Even limited exposure to pro-anorexia websites can lead teenagers to reduce their calorie consumption considerably and to increase disordered eating behaviour, new research says.
Indeed, these websites create an environment in which striving to be severely underweight is not only normal but a sign of success, according to Dr Emma Bond, of University Campus Suffolk. And site users often seek solace by competing with each other.
"Not only is anorexia viewed as a lifestyle choice, but those who embrace it are praised for the desirable qualities involved in being a 'successful' anorexic: control over oneself, self-discipline and the denial of pleasure and nourishment," Bond says.
In partnership with eating disorder charity Beat, Bond examined 126 pro-anorexia websites and social networking groups, looking at the effects they had on their users. She estimates that the sites in her study make up about a quarter of all pro-eating disorder websites.
'Starving for perfection'
Recent reports have shown that girls as young as 5 are already concerned about their weight. And by the time girls are 15, one in every 150 is likely to have developed anorexia. One in every 1,000 15-year-old boys is also affected. The numbers do not improve with age: one in 100 women between the ages of 15 and 30 suffers from anorexia.
A 2011 online study revealed that one in 10 pupils between the ages of 9 and 16 had visited a pro-anorexia website. A Belgian study of 711 secondary pupils showed similar results.
One quarter of the sites studied by Bond included disclaimers on the front page, such as: "This is a pro-ana website. It is not anti-recovery, but if you are recovering from an eating disorder, then you should leave now."
Many of the websites also carried the tag line "starving for perfection". "It is not that the sites claim that anorexia or bulimia are glamorous and desirable lifestyle choices," Bond says. Instead, the prevailing message is: "Yes, these are diseases which are dangerous to your physical and mental health. But, bearing that in mind, here is the inspiration to carry on, if you want to, or feel you have to."
Yet the websites also carry images of very thin bodies, often those of celebrities, intended as "thinspiration". Nearly 90 per cent of the sites included such thinspiration material; emaciated, almost skeletal figures. Some websites also included pictures of obese people as "reverse thinspiration".
"One image, tagged 'emaciated', was accompanied by text claiming that the subject intended to lose another 15lb (6.8kg)," Bond says. "Research suggests that the viewing of these images has a negative impact on mood and self-esteem, and participants... felt worse about their body image as a result, which overall discouraged them from seeking recovery."
More than 80 per cent of sites also included information on how to engage in disordered eating behaviour and offered advice on dieting, exercise and purging.
Regimes cited by Bond include the Ana Boot Camp diet, which recommends no more than 400-500 calories per day, as well as occasional fasts. One website author advocates her own diet, including minimal food, lots of water and diet fizzy drinks, plus coffee, cigarettes and diet pills.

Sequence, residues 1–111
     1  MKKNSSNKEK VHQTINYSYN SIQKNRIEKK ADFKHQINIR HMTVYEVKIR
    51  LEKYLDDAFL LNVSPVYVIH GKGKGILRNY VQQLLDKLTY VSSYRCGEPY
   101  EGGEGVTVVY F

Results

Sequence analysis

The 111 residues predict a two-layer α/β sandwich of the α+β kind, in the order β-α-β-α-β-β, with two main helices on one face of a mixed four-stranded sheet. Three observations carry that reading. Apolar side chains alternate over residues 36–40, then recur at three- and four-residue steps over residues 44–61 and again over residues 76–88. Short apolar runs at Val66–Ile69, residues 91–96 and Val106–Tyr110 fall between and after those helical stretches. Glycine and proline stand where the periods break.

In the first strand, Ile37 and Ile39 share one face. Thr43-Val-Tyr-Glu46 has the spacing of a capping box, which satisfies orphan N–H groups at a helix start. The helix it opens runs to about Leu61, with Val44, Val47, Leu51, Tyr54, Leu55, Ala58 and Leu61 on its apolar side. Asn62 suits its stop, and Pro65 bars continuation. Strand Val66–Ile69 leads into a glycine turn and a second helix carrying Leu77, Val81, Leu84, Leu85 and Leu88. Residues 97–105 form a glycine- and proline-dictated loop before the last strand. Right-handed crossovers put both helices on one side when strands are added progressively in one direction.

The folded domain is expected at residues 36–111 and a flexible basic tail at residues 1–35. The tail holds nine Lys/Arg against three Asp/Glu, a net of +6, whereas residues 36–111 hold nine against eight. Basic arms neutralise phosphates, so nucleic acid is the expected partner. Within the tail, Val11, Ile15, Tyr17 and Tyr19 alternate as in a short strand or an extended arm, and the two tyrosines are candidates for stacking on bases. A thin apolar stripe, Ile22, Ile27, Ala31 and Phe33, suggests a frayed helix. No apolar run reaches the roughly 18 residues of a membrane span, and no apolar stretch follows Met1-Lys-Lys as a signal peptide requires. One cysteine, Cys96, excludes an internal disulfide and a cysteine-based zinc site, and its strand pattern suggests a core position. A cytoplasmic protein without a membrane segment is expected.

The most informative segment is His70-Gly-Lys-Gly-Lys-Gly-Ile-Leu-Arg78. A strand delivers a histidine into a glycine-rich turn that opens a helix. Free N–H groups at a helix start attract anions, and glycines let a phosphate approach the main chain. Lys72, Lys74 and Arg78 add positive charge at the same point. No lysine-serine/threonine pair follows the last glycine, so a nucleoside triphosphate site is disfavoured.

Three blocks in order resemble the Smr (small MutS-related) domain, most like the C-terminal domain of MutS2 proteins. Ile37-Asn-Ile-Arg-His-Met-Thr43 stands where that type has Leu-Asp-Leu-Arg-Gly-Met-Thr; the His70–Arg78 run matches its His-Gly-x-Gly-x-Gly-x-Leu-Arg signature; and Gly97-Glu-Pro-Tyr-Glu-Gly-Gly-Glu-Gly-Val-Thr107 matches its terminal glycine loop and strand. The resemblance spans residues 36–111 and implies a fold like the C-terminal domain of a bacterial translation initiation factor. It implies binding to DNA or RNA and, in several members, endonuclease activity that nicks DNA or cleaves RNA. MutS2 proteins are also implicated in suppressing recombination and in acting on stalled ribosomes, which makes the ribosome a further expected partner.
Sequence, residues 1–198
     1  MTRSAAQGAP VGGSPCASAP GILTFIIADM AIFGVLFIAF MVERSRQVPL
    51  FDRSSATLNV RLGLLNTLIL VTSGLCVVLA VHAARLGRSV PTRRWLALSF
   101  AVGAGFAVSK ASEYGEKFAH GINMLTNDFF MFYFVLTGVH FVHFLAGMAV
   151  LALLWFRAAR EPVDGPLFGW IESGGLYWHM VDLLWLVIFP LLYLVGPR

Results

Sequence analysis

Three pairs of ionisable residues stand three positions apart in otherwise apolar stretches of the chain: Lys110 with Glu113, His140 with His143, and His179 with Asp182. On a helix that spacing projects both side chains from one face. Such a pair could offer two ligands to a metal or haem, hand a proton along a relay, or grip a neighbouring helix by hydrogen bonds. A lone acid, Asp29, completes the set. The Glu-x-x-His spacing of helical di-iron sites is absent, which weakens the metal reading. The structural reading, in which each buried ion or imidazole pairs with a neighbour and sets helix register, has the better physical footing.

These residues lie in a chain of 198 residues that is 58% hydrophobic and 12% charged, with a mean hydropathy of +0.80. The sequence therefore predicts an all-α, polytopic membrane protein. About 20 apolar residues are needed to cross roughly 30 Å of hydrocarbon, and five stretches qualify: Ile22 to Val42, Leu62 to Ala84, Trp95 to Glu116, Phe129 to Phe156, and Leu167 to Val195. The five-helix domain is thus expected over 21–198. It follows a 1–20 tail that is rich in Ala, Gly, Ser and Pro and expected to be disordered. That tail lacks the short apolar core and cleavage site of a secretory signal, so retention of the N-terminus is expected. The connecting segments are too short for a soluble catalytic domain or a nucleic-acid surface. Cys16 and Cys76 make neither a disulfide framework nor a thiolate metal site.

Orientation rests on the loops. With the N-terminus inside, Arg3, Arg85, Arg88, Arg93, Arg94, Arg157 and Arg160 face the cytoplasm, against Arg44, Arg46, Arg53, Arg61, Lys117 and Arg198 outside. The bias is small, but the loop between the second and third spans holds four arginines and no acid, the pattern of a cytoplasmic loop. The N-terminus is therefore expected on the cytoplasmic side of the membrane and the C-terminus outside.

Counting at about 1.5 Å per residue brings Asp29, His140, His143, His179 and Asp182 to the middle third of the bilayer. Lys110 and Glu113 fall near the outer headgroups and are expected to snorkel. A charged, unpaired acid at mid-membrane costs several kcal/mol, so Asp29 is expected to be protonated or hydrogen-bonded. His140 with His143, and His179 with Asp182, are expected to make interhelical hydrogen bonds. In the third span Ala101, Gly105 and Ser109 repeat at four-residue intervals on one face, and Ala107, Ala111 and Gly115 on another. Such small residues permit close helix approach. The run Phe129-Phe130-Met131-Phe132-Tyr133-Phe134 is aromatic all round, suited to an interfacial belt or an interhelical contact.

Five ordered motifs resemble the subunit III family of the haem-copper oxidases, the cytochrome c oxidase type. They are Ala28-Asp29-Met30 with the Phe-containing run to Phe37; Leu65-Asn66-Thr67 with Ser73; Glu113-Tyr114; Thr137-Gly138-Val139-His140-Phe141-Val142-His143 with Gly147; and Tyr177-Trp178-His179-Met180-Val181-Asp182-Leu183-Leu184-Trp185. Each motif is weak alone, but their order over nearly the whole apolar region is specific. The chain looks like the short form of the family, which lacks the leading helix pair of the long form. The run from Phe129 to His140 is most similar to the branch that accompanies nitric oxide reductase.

"Striving to be thin is of paramount importance in users' lives," Bond says. "While users appear to understand the damaging nature of certain activities, this does not restrict their... dangerous behaviours to lose weight."
Site users create and maintain an identity as a successful or failing "ana" by detailing their diet activities. This is a way of proving their worth within the pro-anorexia community. When one blogger posted her decision to undertake a three-day fast to "gain control", 36 of her followers pledged to fast for three days in support.
The users' shared interest in weight loss offers them a supportive community. But, at the same time, there is often significant competition between them. "These activities actually nurture each other's harmful behaviour," Bond says. "Engaging with pro-anorexia sites reinforces an existing eating-disordered identity.
"People with eating disorders often have both positive and negative emotions about the anorexia itself and the idea of recovery. They also view the sites as enabling them to receive support to maintain restricted eating ... and to obtain valuable emotional support."
Feeling misunderstood by family and friends, people with eating disorders often seek sanctuary and support from other sources. The anonymous nature of the internet may also enable them to open up to others more easily.
"Pro-anorexic sites are, therefore, appealing," Bond says. "The participants have issues in common and develop positive supportive relationships with each other." But this very sense of belonging prevents individuals from seeking help. In fact, they may instead take more extreme steps to maintain their anorexia.
Bond believes it is vital to provide pupils with lessons in media literacy, so that they can judge more critically the images and text they see on these websites. "The pro-anorexia phenomenon should be taken seriously, in order to develop a more sophisticated approach," she concludes.
Bond, E. Virtually Anorexic - Where's the Harm? A research study on the risks of pro-anorexia websites (2012).
Emma Bond, senior lecturer in applied social sciences, University Campus Suffolk.
Beat, an eating disorder charity.